... a small delicious morsel of a poem vibrant with wordplay and the unsettling rhythms produced by setting the form on the page at odds with the sounds of the words - bursting with energy and yet wholly in control...
Playful and yet daring, this is a quiet triumph. Lyric poetry presents a particular set of challenges this poem meets head-on, and beautifully.
1. The Grass Path
More tiring than the snaking sidewalk ascent built for two is the
return with the ghost of a kiss but sans company over mud
ants bruised leaves by the concrete downhill
through the humid girl-breathed air
on the grass path home.
2. I am walking outside where it is
raining and the half-lit sky makes everything blue
- the houses and trees and people and
yes, even the light pink flowers which
you commented on, decaying
pleasingly on the wet path-and
clad in cold and a too-thin shirt, the world
seems nothing like and full of you.
3. Boat Quay
Why do you ask me
if I remember that evening spent
at Boat Quay? Sitting
on the cool stone bench
as the sun set
hands clasped, lungs filled
with the breath of the city:
of course I remember.
[later we stood on the light-lined bridge
bodies against the bannister against
each other as we overlooked the water dark
as the sky with white reflections laughing
with more than our mouths we leaned out
over the black-coffee bay into the wall
of electroluminescence (i remember thinking
that the lights-so many lights-looked like bowls
of glowing porridge, food
from a post-apocalyptic fairy tale)
and dazzled by the light we shut our eyes
You know as well as I do
that the only thing about you that I could possibly forget
is the shape of your face.
... writing about love is famously beset with pitfalls, but this delicate and exact sequence avoids sentimentality, cliché and simple nostalgia, keeping its eyes on the precise sensations and observations, noticing the paradoxes, with surprising touches of accuracy in line after line...
Writing of great subtlety and melody which takes the risk of idiosyncrasy without missing a beat. Manages to make this old territory new and difficult once again.
I walked into industrialized cafés throughout
asia minor and I kept thinking of the prehistoric
starbucks back in America as a kind kind of
mother church and of each mohammedan
swinging on Vienna's gate to an' fro at
the order of Kara Mustafa Pasha. Turks
handled the pelts of an American newspaper
as they would a Western bible - envious - and
licking their moustaches. They have no fez and
pray make Atatürk smile in his grave.
POPE BEATIFIES D'AVIANO
My cap, its white N and Y mating atop each other
catches their focuses in between blinks.
Sir, here your cappuccino Sir? Sir?
O O Ok. Thank you.
the waitress bustles back, suspicious, and trying to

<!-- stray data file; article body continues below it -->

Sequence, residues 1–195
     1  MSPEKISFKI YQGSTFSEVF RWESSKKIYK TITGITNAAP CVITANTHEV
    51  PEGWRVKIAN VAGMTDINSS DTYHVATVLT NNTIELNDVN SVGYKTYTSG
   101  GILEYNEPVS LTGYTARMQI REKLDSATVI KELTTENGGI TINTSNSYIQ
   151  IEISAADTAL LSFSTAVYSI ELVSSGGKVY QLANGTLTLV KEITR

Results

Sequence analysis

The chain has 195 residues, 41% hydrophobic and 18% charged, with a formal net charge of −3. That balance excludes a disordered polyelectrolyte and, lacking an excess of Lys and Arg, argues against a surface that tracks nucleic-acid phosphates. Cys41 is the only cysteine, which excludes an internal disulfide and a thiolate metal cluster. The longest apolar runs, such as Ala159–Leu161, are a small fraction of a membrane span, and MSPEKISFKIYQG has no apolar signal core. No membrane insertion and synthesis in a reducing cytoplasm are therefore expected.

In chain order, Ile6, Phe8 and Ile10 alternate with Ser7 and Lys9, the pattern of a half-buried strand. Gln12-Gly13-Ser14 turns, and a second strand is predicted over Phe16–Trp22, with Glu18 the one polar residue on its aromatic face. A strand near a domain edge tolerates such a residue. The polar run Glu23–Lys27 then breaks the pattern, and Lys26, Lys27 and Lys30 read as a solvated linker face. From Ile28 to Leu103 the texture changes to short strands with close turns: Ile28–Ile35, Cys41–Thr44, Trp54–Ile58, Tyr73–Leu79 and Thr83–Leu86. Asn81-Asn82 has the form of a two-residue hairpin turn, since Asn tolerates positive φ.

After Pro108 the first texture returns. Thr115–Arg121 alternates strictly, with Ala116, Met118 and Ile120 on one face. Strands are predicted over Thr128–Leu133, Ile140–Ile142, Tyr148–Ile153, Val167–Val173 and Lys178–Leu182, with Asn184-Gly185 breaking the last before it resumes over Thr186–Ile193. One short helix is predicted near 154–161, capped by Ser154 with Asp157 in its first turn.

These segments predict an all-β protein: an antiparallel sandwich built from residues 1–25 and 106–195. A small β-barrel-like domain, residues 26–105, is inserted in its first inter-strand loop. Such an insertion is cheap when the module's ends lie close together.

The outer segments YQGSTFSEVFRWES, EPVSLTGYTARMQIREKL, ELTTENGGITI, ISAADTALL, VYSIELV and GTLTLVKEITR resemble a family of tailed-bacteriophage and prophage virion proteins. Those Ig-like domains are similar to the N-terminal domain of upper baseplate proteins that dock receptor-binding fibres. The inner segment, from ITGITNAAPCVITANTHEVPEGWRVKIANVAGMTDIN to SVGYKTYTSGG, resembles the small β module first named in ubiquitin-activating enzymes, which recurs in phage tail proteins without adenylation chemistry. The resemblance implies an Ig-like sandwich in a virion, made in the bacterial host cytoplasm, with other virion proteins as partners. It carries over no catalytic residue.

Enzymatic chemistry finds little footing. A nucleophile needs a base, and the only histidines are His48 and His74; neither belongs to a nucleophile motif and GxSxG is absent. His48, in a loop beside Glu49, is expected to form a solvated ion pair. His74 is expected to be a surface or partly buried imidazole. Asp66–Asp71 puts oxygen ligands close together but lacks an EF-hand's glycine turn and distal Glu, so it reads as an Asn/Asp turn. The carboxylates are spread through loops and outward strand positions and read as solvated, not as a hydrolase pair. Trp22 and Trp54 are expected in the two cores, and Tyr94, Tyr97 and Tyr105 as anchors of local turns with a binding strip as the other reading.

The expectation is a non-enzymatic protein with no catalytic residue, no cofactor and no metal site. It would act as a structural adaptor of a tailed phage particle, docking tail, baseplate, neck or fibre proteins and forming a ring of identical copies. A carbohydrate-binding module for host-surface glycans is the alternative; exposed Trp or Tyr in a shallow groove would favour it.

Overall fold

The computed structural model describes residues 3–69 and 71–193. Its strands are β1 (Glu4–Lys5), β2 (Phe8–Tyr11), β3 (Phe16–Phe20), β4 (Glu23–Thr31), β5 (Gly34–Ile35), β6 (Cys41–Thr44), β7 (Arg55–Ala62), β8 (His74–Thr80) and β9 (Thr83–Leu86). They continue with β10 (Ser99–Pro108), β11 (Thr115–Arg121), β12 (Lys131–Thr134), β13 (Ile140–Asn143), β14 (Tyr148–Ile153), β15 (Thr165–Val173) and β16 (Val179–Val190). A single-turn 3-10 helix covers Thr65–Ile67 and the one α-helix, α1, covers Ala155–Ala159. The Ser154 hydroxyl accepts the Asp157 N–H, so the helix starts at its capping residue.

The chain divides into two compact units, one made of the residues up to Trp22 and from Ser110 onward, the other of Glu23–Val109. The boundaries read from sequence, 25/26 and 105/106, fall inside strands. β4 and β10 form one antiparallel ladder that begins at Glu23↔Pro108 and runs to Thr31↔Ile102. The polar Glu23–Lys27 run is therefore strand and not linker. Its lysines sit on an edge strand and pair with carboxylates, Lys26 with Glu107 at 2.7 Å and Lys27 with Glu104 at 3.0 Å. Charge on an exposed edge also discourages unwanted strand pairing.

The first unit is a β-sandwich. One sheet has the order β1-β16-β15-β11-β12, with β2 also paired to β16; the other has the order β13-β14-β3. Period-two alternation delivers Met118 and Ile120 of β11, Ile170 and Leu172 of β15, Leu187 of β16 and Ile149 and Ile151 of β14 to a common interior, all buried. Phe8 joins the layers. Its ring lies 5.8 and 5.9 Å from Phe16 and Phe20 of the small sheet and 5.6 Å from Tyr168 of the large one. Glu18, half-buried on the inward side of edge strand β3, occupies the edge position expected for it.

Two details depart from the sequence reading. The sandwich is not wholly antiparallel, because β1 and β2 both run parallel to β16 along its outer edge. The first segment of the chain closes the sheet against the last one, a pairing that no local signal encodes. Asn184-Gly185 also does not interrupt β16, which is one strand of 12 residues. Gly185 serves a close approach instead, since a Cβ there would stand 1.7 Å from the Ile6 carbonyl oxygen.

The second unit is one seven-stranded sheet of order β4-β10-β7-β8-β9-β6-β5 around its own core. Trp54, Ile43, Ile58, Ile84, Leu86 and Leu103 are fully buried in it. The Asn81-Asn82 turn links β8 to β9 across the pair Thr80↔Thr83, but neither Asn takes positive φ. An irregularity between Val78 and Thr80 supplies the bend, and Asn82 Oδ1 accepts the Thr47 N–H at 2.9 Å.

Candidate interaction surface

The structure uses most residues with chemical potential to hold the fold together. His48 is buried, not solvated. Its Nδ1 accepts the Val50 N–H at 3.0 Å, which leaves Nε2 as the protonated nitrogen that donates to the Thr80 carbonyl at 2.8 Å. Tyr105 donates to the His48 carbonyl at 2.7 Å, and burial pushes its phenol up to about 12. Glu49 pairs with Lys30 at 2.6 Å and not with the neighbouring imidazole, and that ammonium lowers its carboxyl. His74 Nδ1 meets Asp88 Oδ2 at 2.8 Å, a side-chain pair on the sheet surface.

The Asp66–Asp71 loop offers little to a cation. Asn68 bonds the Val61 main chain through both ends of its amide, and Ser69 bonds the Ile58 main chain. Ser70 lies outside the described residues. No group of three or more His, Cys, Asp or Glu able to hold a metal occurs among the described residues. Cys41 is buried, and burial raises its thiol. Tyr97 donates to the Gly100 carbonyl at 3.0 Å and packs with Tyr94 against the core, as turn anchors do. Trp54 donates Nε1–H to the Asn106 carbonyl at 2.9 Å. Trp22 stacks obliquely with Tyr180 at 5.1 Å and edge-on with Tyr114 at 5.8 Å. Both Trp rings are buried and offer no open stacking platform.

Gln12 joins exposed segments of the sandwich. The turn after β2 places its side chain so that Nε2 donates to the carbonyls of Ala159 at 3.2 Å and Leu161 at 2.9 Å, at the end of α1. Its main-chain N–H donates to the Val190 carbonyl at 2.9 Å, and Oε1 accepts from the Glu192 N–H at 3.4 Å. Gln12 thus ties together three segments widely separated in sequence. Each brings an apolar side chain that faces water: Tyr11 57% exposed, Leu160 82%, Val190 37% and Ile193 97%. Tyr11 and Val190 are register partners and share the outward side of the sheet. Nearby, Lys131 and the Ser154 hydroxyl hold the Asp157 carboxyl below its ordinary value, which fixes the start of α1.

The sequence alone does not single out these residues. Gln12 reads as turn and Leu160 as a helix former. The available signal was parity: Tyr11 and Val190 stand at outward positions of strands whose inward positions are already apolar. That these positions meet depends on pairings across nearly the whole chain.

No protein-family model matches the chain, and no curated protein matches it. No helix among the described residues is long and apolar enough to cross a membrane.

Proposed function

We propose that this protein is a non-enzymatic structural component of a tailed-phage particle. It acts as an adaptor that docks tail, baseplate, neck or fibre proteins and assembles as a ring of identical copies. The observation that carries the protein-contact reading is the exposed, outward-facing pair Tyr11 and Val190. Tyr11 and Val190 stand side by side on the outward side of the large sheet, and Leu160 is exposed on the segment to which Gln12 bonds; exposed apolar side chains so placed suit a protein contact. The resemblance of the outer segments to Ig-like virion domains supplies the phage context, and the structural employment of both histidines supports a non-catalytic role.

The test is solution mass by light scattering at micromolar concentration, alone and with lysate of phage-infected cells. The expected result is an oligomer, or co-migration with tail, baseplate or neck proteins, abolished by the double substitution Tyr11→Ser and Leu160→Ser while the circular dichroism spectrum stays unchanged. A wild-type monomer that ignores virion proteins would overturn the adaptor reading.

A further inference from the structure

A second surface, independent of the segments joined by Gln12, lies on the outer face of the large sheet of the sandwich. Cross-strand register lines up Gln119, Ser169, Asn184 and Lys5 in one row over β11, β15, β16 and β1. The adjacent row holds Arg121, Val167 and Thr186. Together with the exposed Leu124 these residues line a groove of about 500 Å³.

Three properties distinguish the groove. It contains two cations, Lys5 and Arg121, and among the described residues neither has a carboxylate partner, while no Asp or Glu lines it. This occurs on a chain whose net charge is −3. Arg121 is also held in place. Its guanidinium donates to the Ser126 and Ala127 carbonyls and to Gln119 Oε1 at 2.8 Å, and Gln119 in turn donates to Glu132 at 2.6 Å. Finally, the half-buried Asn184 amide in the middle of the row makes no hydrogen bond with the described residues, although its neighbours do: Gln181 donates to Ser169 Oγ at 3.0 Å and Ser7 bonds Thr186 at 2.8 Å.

pass this off as an awkward cuteness.
The rest regard, and loudly shuffle on to the next
section. Capuchins. Only if, further than the
Poor Clare order, one cowl forming part
Of a monk's habit might have anticipated this.
D'Aviano must have recited battle salmos
in preparation to slay mohammedans
and cautiously, then, inspected and re-inspected
outside the gates before gutting the coffee sacks
that the Turks forgot. Thanking the Poles over some
coffee fashioned in sallets they must have
wondered about beans and colombia.
POPE: EU UNITY WILL BE MORE STABLE/ IF IT IS BASED ON ITS COMMON CHRISTIAN
What possibly could a frappuccino be?
Wiping several tables on the way, she makes way
toward me and in accented english whispers.
"Sir, sir - we apologize for thinking you are
American terrorist We know no terrorist could
come from the new york. They come from
texas and c-c-cali-califor-nia."
For even the Pope everything is timing.
... for anyone who thinks that poetry should limit itself to small-scale personal emotions, take a look at this - one of the edgiest conflicts in the modern world and the history that fuels it all touched in with a striking lightness of touch, with sound research, with knowing wit, with style and no easy moralising at the end...
Urban, sophisticated, contemporary diction brings history and the street today together to make a new "war music" which is never self-pitying but always sharp, intelligent.
That summer words came broken to their lips,
falling in pieces, their mouths unheard, sly -
or else choked by the sprouting freckles, shy
colour in the down of their forearms. Eclipsed
by the glance of a hand on the sheet, the
moths and the white noise hum of heat in the air,
aching and battering the light: bare,
beaten, drumming down the sun. Persistently,
the air hung closer, insidious, sweet,
pinning arms to sides, clothes clinging, sheened.
Drowsy wasps murmured, jolted, gleaned
from the air, falling sacrificial at their feet.
From the air, falling, sacrificial at their feet
drowsy wasps, murmured, jolted, gleaned.
Pinning arms to sides, clothes clinging, sheened -
the air hung closer, insidious, sweet, bare,
beaten, drumming down the sun. Persistently